Word count: 451 Reading time: 1-2 minutes
Last week I stood in line at the supermarket. The slender young woman in front of me with the flashy diamond ring and the Louis Vuitton handbag flicked her blonde hair over her shoulder as she slapped down her sole purchase, a 4-litre jug of milk. When she paid with a debit card she kept everyone waiting as her long, manicured fingernails mis-hit the keypad. The cashier gave her the receipt and said, ‘Thank you.’
The customer stared at him blankly.
‘Oh. Did you want a bag for that?’ he asked as he fumbled for one.
‘Yeah,’ answered the blonde without a trace of a smile.
The only thing that made this transaction unusual was the LV handbag. Don’t see too many of those at Lynn Valley Centre.
Bad manners seem ubiquitous these days and they are just the start of disrespect for others. Thanks to the anonymity of the internet, some people now readily escalate beyond everyday incivility; they hide behind false identities to sling hatred and vitriol from a safe distance. Read any current events or news article online. Then read the comments that follow. Some incendiary remarks will be posted by trolls who enjoy a fight. Others will be vicious personal attacks directed at anyone and everyone.
Maybe we can’t stop attention-starved people from flaming others but can we set a better example with our own conduct? I know about please and thank you and not cutting people off in traffic but I wasn’t so sure of the rules of the road in cyberspace. Luckily there is a myriad of opinions out there. Here are a few that helped me lift my game:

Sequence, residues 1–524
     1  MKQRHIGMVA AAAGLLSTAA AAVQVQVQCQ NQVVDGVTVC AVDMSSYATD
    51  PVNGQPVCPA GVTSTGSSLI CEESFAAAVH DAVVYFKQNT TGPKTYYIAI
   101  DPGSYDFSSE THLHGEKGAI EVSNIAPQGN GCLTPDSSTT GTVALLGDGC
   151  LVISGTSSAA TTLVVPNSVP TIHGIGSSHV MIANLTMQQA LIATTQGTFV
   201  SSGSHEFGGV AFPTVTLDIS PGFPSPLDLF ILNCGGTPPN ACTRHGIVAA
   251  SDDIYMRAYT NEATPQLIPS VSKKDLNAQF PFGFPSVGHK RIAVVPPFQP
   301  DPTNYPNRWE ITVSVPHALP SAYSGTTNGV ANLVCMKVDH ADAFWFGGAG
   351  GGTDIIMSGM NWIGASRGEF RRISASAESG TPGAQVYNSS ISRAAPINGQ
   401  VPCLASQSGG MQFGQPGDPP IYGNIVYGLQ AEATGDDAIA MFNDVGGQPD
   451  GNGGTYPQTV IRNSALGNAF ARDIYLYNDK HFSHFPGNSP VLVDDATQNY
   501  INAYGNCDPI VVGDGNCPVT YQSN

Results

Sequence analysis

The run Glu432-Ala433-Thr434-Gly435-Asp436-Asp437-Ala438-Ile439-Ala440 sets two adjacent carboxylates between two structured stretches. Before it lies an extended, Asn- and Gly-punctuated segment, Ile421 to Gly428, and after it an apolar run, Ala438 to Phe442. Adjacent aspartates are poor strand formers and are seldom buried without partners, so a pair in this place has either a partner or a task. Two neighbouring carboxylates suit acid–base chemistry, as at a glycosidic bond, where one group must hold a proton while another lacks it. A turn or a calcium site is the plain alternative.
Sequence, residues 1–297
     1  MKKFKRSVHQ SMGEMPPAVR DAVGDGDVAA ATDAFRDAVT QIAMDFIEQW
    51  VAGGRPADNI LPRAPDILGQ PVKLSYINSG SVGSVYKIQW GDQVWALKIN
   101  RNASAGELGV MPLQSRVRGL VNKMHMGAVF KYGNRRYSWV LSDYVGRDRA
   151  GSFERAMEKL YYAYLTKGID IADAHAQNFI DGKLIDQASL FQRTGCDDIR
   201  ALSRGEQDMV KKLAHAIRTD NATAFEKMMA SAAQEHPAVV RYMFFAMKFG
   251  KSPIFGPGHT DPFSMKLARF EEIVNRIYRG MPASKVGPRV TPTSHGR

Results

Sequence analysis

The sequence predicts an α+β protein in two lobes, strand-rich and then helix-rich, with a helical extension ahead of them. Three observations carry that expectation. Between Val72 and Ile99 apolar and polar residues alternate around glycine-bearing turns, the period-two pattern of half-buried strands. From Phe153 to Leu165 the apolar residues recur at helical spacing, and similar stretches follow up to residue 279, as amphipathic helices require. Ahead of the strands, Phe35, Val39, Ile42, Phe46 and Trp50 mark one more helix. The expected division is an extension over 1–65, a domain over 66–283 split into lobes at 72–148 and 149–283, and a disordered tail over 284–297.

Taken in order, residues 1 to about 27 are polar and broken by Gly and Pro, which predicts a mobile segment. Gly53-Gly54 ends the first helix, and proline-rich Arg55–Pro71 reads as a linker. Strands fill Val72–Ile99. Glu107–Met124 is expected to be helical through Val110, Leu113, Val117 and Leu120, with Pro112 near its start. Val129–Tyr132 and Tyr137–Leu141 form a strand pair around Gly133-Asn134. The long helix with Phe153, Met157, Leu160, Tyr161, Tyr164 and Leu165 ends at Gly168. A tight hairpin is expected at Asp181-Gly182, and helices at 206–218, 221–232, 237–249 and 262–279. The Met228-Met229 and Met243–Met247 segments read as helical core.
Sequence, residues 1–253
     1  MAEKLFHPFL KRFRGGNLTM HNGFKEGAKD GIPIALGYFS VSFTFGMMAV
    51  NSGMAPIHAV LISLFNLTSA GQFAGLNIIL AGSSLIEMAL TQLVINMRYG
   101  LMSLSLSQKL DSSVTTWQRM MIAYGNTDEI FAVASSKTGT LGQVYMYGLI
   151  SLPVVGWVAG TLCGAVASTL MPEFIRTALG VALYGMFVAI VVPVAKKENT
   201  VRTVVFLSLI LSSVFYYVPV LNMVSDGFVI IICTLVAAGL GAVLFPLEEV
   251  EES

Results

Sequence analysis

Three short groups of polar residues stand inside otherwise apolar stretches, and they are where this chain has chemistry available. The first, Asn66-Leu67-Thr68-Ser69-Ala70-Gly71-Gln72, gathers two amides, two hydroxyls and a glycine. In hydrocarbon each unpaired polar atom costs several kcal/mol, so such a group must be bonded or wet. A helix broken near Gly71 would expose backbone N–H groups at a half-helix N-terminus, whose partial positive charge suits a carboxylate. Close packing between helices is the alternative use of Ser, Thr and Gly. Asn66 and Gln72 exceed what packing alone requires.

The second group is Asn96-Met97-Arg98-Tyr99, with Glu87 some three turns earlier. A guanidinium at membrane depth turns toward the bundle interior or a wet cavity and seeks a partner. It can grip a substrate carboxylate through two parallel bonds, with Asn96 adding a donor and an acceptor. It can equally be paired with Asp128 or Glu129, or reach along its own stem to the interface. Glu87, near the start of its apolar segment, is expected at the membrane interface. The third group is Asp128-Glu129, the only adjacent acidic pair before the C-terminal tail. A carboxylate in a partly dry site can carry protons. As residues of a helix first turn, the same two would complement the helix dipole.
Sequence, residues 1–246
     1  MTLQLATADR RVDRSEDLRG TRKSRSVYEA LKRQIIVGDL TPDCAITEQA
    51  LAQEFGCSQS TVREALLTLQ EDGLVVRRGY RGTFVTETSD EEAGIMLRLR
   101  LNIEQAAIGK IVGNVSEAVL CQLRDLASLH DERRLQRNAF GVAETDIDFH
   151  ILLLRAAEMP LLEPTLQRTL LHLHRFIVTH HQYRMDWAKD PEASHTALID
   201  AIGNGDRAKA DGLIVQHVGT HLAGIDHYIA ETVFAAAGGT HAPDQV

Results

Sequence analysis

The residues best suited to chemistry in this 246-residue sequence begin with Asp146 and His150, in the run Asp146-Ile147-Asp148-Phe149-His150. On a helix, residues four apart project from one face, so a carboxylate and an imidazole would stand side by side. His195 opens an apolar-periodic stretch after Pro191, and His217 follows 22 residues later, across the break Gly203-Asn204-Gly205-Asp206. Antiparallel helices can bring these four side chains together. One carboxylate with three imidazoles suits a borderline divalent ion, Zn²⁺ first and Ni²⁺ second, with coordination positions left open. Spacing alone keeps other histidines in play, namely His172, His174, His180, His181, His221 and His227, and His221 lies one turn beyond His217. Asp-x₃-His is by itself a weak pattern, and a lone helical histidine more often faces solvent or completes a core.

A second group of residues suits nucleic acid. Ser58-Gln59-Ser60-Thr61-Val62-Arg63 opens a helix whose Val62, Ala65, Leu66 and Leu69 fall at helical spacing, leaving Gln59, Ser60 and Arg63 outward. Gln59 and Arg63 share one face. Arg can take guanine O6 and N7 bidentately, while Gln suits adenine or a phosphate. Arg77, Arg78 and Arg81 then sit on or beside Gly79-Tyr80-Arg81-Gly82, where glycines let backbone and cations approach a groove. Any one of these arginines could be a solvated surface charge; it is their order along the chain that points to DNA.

- 101 Email Etiquette Tips
- 20 Essential Tips For Better Twitter Etiquette
- Blog Etiquette or Blogtiquette
For writers reviewing other writers’ work, there’s even an article about that:
Why is any of this important to the writer’s life? Because we are all hyper-connected, our bad behaviour is no longer as private as it once was and it leaves a lasting impression. People see the tweeters who run a monologue, never acknowledge retweets, and only tweet in self-interest. They know whose blog they can comment on* and never receive a reply. The internet has rendered the small world even smaller and we need to be careful whom we offend out of simple ignorance.
How are you conducting yourself out there? Are you treating the supermarket cashier with the same courtesy that you extend your editor, your boss, or the clients of your business? Do you value your social capital and does it show in the way you respond to others, in R/L and online?
Photo by: mu_mu_
* Recently I removed the CAPTCHA filter off this blog. It should be easier than ever to comment and I always reply.